Despite signing a deal with Tesla that will grant its EV owners access to that company’s vast Supercharger network, Ford remains a rival to the all-electric automaker, and that competition only figures to grow in the coming years as The Blue Oval fills out its lineup with new models. In fact, Ford Authority has spotted FoMoCo benchmarking every model in Tesla’s current lineup over the past few months – the Model 3, Model Y, Model S, and Model X. But while the Model Y debuted in 2020 and the S and X just recently received a refresh, the Tesla Model 3 has soldiered on mostly unchanged since its debut way back in 2017. Now, the refreshed Tesla Model 3 has been revealed – albeit just in Europe and the Middle East, for now.
Currently, The Blue Oval doesn’t have a direct rival to the Tesla Model 3 – an all-electric sedan – but it does serve as the basis for the Model Y crossover, which is a Ford Mustang Mach-E competitor and will likely follow with a similar refresh of its own at some point in the near future. Thus, we can consider the changes made to the Model 3 as a bit of a preview in that regard. The first thing most will notice is the Model 3’s new front end design, which looks similar to the existing model but features slimmer headlights and a less bulbous bump up front.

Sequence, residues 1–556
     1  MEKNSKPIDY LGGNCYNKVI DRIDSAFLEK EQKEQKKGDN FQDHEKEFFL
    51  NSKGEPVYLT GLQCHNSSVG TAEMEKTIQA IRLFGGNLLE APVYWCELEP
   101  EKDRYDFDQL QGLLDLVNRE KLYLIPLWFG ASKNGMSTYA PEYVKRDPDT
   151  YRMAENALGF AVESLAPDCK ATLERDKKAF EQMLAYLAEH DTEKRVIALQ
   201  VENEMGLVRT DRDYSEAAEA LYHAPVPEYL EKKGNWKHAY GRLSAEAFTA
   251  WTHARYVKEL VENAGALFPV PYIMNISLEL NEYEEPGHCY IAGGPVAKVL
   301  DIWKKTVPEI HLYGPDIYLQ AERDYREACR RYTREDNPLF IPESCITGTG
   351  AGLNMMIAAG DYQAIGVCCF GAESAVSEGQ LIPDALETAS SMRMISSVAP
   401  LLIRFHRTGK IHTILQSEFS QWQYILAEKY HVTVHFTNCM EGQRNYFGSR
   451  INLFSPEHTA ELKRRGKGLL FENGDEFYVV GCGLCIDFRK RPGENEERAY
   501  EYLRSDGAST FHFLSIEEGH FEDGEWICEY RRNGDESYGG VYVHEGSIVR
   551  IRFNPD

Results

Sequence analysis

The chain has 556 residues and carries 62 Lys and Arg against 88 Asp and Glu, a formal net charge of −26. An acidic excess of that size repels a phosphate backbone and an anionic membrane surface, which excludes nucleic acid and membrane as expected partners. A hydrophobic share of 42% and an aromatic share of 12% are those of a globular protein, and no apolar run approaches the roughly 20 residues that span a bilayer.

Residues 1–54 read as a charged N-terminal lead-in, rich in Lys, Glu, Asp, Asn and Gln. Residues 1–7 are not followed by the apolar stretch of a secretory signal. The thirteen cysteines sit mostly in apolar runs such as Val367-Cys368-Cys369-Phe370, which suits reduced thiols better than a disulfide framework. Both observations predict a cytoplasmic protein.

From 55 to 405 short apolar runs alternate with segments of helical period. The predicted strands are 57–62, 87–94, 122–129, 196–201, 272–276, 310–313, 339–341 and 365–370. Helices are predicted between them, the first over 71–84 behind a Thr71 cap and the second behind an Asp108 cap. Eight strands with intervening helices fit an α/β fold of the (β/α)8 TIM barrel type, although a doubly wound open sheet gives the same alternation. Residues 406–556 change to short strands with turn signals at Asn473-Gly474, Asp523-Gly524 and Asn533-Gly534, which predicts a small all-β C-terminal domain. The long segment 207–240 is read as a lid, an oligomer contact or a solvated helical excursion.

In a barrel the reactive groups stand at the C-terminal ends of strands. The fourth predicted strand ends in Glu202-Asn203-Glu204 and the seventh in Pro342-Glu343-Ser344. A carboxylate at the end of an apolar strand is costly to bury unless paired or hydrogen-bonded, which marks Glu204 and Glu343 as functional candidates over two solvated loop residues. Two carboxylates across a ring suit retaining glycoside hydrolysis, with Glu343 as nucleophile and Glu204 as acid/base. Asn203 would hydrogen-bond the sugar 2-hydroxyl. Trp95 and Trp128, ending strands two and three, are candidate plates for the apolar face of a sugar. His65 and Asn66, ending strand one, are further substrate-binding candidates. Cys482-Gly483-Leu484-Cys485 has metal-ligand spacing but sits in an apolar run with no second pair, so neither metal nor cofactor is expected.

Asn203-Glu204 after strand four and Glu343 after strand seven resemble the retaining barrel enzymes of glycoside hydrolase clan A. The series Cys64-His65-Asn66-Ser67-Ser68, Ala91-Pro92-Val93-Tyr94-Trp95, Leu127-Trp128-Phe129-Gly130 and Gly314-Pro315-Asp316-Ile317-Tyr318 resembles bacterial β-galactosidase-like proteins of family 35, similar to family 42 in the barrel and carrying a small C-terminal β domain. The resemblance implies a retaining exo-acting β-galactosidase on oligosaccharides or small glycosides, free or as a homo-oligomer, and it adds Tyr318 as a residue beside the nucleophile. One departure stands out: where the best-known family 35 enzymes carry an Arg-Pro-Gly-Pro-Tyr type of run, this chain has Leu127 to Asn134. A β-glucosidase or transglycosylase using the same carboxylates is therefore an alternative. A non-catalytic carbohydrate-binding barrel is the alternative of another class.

Out back, the automaker’s logo has been replaced with “TESLA” script, and the new Ultra Red paint color seen here replaces red multi-coat in the lineup. Inside the cabin, the refreshed Tesla Model 3 gets a new 8-inch touchscreen for rear passengers, ventilated front seats, more cushioning in the rear seats, a 17-speaker stereo system that’s an upgrade over the outgoing 14-speaker setup, a quieter interior, and faster Wi-Fi and Bluetooth connectivity.
The revised Tesla Model 3 also gets a bit of a range boost thanks to its more aerodynamic exterior and new wheel cover inserts, with the standard range all-wheel drive model rated at 344 miles on the European WLTP cycle and the long range model rated at 421 miles – improvements of around 12 percent, respectively. It’s worth noting that these numbers will be lower in the U.S. due to less generous EPA testing. Regardless, the refreshed sedan is set to launch in Europe and the Middle East in October, though Tesla has not announced when it will arrive in the U.S. just yet, nor did it debut a new Performance model. Pricing remains the same for the standard range variant, while the long range is $941 more expensive than the outgoing model.